Cody Buckel (Rangers) – Cody Buckel has skyrocketed up the prospect ranks since the Rangers drafted him out high school in the second round of the June 2010 draft. Making his professional debut in the class-A South Atlantic League last season, Buckel tore apart the competition to the tune of a 2.81 ERA, 120 strikeouts and a 4.44 K/BB in 96 2/3 innings. He’s managed to kick his performance up a level so far in 2012. After shutting out the Frederick Keys on Thursday for seven innings, Buckel now ranks atop the Carolina League in strikeouts (41), opponent’s batting average (.167) and ERA (1.31). He has yet to allow a homerun in 34 1/3 innings pitched and his ridiculous 3.55 ground-out/fly-out ratio is almost three-times the league-average mark. His remarkable body control and athleticism allows him to get every bit of torque out of his thin, un-intimidating frame. His fastball isn’t over-powering, but he spots it to both sides of the plate between 89-92 MPH consistently. He can touch 94 MPH when he really reaches back, but his heater’s riding life and his long stride and delivery allow it to play up. His cutter has turned into a legitimate plus while both his curveball and changeup are developing into solid-average pitches. The Rangers have plenty of pitching depth at the top of the system, but Buckel hast the talent to work his way into the rotation or a late-inning bullpen role by 2014, regardless. He should be available in the vast majority of keeper leagues, with most owners takings flashier guys like Trevor May and Dellin Betances in front of him. Pick him up.
Nick Castellanos (Tigers) – The minor league leader in batting average, Lakeland Flying Tigers’ (Class A+ Florida State League) third baseman Nick Castellanos is quickly developing in to the star player the Tigers envisioned when they took him with the 44th overall pick in the 2010 Draft. The Tigers ultimately handed Castellanos a whopping $3.45 million signing bonus to forgo college and play pro ball. After putting together an impressive debut in full-season ball last year, batting .312/.367/.436 in the Midwest League, Castellanos’ bat has exploded this Spring. Through his last ten games he’s belted three doubles, a triple and a homerun while hitting .429. Facing older, more-seasoned competition and fighting the heavy, humid, power-killing central-Florida air, the twenty-year-old has manage to mash his way to the top of the league in batting average (.426), doubles (8) and weighted on-base average (.465). Regarded as one of the game’s most gifted young pure-hitters, Castellanos has the tools to post a .300 batting average in the big leagues one day. His power needs more time to develop, but when he’s ready, he should be one of the game’s top-shelf third baseman. Assuming Miguel Cabrera is not the Tigers’ long-term answer at third base, Castellanos has a fairly clear path to Detroit. He’s arguably the game’s top third base prospect and is a valuable commodity in long-term keeper leagues.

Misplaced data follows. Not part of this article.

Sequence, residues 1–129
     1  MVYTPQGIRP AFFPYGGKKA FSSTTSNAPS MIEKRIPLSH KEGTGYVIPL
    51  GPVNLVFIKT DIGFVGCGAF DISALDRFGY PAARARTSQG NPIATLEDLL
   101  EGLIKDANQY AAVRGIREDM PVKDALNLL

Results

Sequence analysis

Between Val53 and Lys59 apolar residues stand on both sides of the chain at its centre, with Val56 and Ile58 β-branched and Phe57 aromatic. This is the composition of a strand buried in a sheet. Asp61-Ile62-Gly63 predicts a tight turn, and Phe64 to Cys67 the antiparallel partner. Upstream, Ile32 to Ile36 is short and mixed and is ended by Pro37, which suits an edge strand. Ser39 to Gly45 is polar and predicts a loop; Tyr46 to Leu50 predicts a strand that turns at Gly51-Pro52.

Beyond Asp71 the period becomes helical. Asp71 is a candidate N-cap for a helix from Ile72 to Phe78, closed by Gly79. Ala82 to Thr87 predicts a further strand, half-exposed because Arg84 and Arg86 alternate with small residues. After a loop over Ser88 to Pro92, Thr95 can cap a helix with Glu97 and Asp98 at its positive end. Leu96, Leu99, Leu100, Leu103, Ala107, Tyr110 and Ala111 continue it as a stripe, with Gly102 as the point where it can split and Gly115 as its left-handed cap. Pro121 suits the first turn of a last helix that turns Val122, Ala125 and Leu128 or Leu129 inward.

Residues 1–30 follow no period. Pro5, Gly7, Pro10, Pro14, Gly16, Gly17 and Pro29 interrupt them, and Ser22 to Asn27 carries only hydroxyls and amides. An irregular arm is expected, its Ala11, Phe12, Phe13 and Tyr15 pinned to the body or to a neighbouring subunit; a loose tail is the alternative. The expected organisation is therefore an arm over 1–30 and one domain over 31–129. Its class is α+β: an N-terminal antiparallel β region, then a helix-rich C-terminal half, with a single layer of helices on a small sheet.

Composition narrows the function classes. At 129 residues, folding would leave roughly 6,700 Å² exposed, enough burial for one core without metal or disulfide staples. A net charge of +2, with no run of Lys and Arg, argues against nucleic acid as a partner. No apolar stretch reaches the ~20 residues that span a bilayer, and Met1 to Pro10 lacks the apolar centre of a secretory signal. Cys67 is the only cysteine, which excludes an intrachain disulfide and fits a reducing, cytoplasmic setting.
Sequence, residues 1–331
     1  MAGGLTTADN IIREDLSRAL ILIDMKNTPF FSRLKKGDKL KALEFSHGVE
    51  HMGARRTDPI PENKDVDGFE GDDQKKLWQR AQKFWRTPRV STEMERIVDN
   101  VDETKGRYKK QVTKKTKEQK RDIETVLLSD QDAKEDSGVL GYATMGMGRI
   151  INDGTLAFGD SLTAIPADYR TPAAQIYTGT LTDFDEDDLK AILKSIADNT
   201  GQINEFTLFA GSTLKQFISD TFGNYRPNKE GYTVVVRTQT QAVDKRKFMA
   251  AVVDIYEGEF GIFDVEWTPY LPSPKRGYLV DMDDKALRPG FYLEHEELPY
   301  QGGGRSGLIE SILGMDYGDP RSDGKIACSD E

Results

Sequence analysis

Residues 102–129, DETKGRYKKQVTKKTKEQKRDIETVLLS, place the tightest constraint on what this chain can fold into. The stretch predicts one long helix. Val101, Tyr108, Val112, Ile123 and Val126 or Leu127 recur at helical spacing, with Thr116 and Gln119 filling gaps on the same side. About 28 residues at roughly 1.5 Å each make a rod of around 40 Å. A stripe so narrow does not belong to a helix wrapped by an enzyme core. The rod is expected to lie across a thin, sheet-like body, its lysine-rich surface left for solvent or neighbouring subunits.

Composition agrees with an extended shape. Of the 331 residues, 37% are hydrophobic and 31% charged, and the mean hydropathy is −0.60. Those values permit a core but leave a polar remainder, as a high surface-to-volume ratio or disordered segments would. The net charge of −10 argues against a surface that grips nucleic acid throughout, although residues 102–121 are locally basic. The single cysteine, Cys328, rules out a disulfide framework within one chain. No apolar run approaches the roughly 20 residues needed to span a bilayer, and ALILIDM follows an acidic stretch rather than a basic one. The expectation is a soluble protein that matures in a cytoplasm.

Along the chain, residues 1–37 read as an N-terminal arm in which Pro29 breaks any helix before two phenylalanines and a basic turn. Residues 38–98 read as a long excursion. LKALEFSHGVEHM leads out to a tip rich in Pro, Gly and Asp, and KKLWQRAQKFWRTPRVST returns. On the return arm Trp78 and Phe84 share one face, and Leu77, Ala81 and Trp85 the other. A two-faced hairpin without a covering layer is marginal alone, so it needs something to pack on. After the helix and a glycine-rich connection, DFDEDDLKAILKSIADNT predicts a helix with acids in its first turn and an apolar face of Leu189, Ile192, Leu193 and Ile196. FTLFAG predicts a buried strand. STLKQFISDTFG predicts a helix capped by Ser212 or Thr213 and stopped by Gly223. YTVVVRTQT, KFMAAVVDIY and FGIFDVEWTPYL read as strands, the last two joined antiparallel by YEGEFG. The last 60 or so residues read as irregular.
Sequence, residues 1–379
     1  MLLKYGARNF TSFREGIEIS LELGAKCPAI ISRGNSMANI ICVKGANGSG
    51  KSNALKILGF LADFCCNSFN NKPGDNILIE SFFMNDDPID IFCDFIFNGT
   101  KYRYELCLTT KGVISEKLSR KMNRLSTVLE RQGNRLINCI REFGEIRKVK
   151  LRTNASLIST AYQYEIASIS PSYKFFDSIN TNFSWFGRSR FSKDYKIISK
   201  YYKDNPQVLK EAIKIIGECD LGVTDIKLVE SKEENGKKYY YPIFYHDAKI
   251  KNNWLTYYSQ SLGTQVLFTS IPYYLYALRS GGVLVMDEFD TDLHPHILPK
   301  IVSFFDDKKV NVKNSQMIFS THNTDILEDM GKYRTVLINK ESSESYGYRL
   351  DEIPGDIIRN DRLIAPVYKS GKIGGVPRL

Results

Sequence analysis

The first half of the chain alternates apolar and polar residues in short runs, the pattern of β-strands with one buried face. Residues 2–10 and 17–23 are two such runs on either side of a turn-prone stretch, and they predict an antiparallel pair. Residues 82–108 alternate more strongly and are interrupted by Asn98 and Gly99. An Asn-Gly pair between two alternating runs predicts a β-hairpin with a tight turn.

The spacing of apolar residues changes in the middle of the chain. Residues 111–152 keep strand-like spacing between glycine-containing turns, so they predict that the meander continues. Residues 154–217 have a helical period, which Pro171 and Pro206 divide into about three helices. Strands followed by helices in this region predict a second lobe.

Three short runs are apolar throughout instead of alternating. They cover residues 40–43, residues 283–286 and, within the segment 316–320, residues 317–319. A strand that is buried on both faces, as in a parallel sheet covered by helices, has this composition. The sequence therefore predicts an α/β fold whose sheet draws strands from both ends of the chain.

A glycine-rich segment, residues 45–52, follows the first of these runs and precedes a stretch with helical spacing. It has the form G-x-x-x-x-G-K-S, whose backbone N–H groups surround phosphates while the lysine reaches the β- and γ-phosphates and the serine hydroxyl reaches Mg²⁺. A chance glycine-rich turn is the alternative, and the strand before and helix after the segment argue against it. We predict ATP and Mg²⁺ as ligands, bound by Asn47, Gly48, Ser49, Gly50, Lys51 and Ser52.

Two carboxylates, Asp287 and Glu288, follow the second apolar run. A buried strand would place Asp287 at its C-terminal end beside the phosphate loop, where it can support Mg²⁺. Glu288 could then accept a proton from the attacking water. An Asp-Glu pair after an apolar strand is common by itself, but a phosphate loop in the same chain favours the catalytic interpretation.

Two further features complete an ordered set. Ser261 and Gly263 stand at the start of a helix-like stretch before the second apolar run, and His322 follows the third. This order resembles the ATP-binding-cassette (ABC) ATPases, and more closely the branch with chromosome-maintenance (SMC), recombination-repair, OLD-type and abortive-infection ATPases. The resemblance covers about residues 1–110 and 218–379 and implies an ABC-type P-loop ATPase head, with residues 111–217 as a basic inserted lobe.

Jackie Bradley (Red Sox) – Opening his first Spring playing professionally in the Carolina League, Bradley has been absolutely on fire, posting a .405/.500/.703 triple-slash line through his last ten games. In that span, he’s collected six extra-base hits and six stolen bases. He now leads the Carolina league in runs scored, walks, stolen bases and he ranks second in doubles and 4th in batting average. Selected by the Red Sox in the Supplemental First Round of last June’s Draft, the former Gamecocks’ centerfielder has received wide praise for his baseball acumen. Jacoby Ellsbury should be in a Red Sox uniform until 2014 at least, but Bradley is polished enough to force himself in to outfield conversation as early as next spring, and could take over an everyday job soon after that. His tremendous defensive ability will help him move through the system quickly, He lacks the speed to be a real stolen base threat in the big leagues, but his plate discipline, prowess as a left-handed hitter and extra-base pop make him well-worth considering in long-term keeper leagues.
Billy Hamilton (Reds) – After setting the decade’s single-season stolen base mark last year, swiping 103 bags in total, the twenty-one-year old Hamilton continues to rank atop the minors in thefts in 2012. While playing shortstop for the Bakersfield Blaze of the California League, the burner has already managed to steal 31 bases through his first 26 games this season, nearly doubling the next highest total in pro ball. His bat appears to be catching up with his wheels too, as he’s doubled both his ISO– from last year’s 0.082 to 0.186–and his walk-to-strikeout ratio– from 0.39 to 0.78. Through his last ten games, he’s hit .405/.458/.500, and stolen seventeen bases in twenty attempts. With Brandon Phillips locked-up long-term, and the emergence of Zack Cozart as an everyday player, the Reds don’t need to rush Hamilton to the Major Leagues. Once he does get to the Show, however, he has the speed and bat skills to develop in to an star-powered lead-off man and elite fantasy infielder. He’s a must-have in long-term keeper leagues.